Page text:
How can we better understand how the body’s immune system responds to cancer cells? That’s the question that Dr. Adrian Sacher has focused his research on since 2019. And now, as the awardee of the 2020 LCFA/IASLC/BMS Young Investigator grant, Dr. Sacher is continuing his amazing research.
Dr. Sacher’s Work on Immune Response to Cancer Cells
Dr. Adrian Sacher, researcher and thoracic medical oncologist, specializes in immunotherapeutic drug development, adoptive cell therapy, and fundamental tumor immunology research at the Princess Margaret Cancer Centre & University of Toronto. His research focuses on the development of new immunotherapeutics including:
- drugs that keep immune responses from being too strong (immune checkpoint inhibitors)
- drugs that activate receptors (immune agonists)
- the use of drugs to treat medical conditions (epigenetic therapy)
Exploring the Science of Cancer Cells Instead of Space
Dr. Sacher always liked science, but did not think he would be a doctor. In fact, he had childhood dreams of becoming an astronaut. But his fear of heights precluded him from pursuing that career. For lung cancer patients across the United States and Canada, his phobia is their gain.
Dr. Sacher completed his medical degree at the University of Toronto and residency at the Toronto General Hospital and Princess Margaret Cancer Center. Next he completed a research fellowship in thoracic oncology at the Dana-Farber Cancer Institute. He holds a Master’s degree in clinical trial design, genomics and drug development from Harvard Medical School. He has previously served as an Assistant Professor of Medicine and Attending Thoracic Oncologist at Columbia University & New York-Presbyterian Hospital.
Focused Research in Immune Response
Dr. Sacher’s primary interest in understanding how and why a patient’s cells stop fighting off cancer cells. He has been developing tissue and blood based biomarkers as well as animal models to better understand the biology of anti-tumor immune responses.
Dr. Sacher has pursued his particular interest in the development of new experiment models to understand the basic ways that support anti-tumor immune responses. He has focused specifically on the development of new ways to test tumors in the lab setting. And, if that wasn’t enough, Dr. Sacher also has a strong interest in characterizing specific cells and their role as go-between of anti-tumor immune responses.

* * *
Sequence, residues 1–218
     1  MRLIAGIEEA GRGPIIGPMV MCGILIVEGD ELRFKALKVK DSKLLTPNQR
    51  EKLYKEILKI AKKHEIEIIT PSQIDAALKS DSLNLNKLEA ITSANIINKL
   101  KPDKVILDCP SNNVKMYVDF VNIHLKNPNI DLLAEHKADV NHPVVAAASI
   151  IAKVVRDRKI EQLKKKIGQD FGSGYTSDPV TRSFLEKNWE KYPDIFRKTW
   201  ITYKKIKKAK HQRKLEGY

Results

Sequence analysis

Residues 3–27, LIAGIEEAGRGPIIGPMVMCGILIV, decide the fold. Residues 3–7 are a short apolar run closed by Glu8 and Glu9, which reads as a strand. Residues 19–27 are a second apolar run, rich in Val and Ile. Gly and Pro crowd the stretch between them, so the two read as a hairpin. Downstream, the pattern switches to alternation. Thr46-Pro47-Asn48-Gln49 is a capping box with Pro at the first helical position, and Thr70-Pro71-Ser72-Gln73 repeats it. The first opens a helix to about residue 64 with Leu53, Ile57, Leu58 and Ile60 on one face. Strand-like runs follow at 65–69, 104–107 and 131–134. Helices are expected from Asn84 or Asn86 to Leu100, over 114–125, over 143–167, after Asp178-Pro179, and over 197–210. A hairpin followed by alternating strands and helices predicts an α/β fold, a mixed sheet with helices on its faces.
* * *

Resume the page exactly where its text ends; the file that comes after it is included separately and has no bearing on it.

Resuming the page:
Award-winning Work in Immune Response to Cancer Cells
He currently works as a Clinical Investigator and Attending Physician as well as Assistant Professor of Medicine and cross-appointed to the Department of Immunology at the University of Toronto. His colleague, Dr. Natasha Leighl describes him as an outstanding physician. She commends his work at some of the most prestigious cancer hospitals in the world.
In addition, Dr. Sacher has won multiple awards, including the prestigious Conquer Cancer Foundation Career Development Award (2017). He has authored or co-authored over 30 peer-reviewed papers, and holds prestigious peer-reviewed grants as Principal Investigator for his work in the area of immunotherapy in lung cancer.
He has been awarded an American Society of Clinical Oncology (ASCO) Career Development Award (CDA) and Canadian Institutes for Health Research (CIHR) Project Grant for his work on tumor immunotherapy.
Presenting Impactful Targeted Therapy Research Study
At the 2021 European Society for Medical Oncology Congress, Dr. Sacher presented results of a study which found that Poziotinib was found to demonstrate clinically meaningful activity when used in patients with metastatic non–small cell lung cancer (NSCLC) who harbor EGFR exon 20 mutations.
Drug resistance is a big problem for lung cancer patients. Now new technology allows researchers to find molecules that could be used against cancers for which no other treatment options are available. In this study, researchers identified two drugs (gilteritinib and midostaurin) already approved for patients with a particular form of leukemia, as potential treatments for lung cancer patients with triple mutant epidermal growth factor receptor (EGFR). The tumors in these patients are highly resistant to available therapy.
Research Anti-tumor Response
Dr. Sacher and his Toronto team hope to demonstrate the efficacy of these drugs in patient trials, with the gilteritinib trial to launch first. If it proves successful, gilteritinib could, in a few years, become a new standard of care treatment for an estimated 60,000 lung cancer patients worldwide who have triple mutant EGFR.
“We already have a sense of gilteritinib doses that are safe to give to humans,” says Dr. Adrian Sacher, an oncologist at Toronto’s Princess Margaret Cancer Centre, at University Health Network, who will lead the trial. “We only need to demonstrate efficacy and hopefully make them a novel treatment option for lung cancer patients that have developed resistance to current targeted therapies.”
Understanding the biology of immune response to cancer cells will open the door to more effective treatments for lung cancer patients.
In short, Dr. Sacher is a highly accomplished lung cancer physician and researcher and LCFA is proud to have awarded him the 2020 Young Investigator Award.